Before the formal purchase of Metcalf-Snyder's patent rights, Kohnle was using those ideas and his own knowledge to improve upon his pricing machines. Responding to customer comments that the hand operated attaching machine was awkward to use, a foot operated pedestal type machine was introduced in 1903. This left the clerks' hands free to handle the merchandise while operating the machine. It is believed the predominate company testing and giving feedback for the device was Elder & Johnson, a department store in Dayton Ohio.
A list of notable U.S. Patents to be developed and granted during this time:
#457783, the already mentioned original Kohnle machine.
#607119 and #619773, Metcalf's ticketing machine.
#762322, Kohnle's floor petal operated unit.
*In 1990, The American Society of Mechanical Engineers designated the Pin Ticketing Machine the 98th National Historic Mechanical Engineering Landmark. ASME member Gilbert A. Neubauer, a retired Director of Engineering for Monarch Marking Systems, put together A full explanation of the pin ticketing machine circa 1902. Please click this link to read his wonderful historical documentation: https://www.asme.org/getmedia/46f6b343-2c49-45b9-b18e-ee8784c1b49b/150-Pin-Ticketing-Machine-1902.aspx
Product improvement continued for Fred and his company. In late 1903 or early 1904 the Automatic Pin Ticketing Company subcontracts machine fabrication to the Weinman & Euchenhofer Company of Dayton, Ohio. Almost 150 units of the new motorized machine are completed, but in 1904, the company facility at 310 East Second St. was destroyed by fire. The company was out of business for about a year, and in 1907 Kohnle sold the company (minus the European patent rights) to the American Tag Company of Chicago, Illinois. In 1909, Fred Kohnle represented the Automatic Pin Ticket Company in Europe. Then in 1912 the company was reformed as the Monarch Tag Company.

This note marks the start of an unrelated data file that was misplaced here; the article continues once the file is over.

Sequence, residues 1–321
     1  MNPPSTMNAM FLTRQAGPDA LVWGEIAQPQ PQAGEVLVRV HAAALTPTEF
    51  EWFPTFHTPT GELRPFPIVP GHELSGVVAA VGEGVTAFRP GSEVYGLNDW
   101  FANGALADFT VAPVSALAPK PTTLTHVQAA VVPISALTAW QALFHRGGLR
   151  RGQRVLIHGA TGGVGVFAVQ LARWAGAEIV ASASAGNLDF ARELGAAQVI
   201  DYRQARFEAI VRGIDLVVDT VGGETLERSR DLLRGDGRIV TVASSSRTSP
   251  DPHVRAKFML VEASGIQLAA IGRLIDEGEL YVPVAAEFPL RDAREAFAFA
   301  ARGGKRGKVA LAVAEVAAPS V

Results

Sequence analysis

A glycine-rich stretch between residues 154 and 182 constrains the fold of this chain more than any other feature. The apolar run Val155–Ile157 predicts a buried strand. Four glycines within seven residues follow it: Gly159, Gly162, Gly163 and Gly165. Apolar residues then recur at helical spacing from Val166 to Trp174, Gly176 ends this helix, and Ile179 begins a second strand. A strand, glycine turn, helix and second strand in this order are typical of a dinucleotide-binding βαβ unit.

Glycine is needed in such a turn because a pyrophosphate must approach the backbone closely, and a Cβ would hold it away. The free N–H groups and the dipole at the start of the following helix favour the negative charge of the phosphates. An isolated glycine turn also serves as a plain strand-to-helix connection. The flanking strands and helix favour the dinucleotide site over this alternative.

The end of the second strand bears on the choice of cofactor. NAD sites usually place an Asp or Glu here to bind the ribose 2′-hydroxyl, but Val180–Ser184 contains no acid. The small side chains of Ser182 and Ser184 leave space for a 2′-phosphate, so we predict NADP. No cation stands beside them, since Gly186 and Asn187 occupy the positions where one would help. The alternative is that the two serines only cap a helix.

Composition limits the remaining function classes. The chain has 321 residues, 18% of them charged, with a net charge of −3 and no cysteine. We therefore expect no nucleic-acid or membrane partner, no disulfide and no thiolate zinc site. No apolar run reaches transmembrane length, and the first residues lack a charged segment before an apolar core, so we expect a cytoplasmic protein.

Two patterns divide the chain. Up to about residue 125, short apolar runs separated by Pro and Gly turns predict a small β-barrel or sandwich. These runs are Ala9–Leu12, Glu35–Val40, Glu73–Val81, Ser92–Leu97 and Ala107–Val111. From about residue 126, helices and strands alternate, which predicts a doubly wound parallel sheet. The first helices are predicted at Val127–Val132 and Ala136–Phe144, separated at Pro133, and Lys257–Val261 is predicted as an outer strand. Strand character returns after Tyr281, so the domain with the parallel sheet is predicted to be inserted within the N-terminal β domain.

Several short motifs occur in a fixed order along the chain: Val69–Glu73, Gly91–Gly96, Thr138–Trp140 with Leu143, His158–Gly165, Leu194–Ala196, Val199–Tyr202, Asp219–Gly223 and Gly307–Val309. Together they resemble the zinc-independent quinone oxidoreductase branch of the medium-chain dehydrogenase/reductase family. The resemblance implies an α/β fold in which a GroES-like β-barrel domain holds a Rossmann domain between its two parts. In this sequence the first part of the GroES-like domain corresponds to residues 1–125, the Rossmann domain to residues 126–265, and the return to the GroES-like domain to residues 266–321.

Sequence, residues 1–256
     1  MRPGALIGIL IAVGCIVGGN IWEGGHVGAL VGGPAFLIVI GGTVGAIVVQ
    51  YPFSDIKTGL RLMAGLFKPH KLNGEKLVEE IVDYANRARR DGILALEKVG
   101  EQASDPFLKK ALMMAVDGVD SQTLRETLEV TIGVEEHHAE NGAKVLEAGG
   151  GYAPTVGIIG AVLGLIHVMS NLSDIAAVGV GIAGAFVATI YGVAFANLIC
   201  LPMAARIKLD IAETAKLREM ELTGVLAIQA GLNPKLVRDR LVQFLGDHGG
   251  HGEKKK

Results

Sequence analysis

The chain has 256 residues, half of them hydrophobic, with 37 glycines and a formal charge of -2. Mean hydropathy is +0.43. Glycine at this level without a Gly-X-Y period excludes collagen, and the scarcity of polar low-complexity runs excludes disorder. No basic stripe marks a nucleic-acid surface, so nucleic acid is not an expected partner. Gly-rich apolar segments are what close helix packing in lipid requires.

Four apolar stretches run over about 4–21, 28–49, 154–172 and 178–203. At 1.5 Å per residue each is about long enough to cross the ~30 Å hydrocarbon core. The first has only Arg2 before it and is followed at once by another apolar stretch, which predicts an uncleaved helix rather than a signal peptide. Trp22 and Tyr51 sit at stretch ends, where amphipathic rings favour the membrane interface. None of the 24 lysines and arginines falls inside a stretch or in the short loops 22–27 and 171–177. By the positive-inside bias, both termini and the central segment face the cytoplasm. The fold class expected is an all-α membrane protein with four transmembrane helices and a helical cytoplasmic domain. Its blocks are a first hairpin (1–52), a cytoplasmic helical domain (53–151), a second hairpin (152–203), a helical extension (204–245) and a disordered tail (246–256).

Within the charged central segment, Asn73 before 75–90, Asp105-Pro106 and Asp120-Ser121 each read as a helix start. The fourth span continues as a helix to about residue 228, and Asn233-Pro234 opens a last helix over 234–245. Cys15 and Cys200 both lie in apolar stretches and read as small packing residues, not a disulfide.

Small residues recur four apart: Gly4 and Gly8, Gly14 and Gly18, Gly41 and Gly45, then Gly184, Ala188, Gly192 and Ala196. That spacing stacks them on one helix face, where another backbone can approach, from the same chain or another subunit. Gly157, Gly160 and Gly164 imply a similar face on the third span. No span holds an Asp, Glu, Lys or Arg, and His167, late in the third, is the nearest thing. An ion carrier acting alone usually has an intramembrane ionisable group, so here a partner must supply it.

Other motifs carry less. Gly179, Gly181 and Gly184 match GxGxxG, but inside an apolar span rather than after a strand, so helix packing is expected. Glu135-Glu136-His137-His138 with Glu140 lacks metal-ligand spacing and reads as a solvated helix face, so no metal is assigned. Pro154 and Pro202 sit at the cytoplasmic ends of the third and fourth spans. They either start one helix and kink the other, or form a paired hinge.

A new building was erected at 216 South Torrence Street, Dayton in 1916. Soon after, some very successful machines were built there. Among them were the M-1 "H.O. Jr." which was a hand operated machine that produced four lines of information on the strip tags. This machine was so well accepted that in 1921, a similar model (M-3) was introduced that utilized an electrically driven motor. Also during 1921, building improvements were made and the company became The Monarch Marking System Company. Sales during 1921 totaled $350,000.
During World War II, a portion of the Torrence Street Plant was converted for the manufacture of rifle bolts for military carbines. For performing that work, Monarch was awarded the coveted "Army-Navy E" for excellence.
Through the years many interesting and innovative products issued from the Torrence Street Facility. Among them were the M-4 Pathfinder (a hand operated machine that could produce 100 impressions per minute) and the M-100 (a ready-to-wear ticket printer).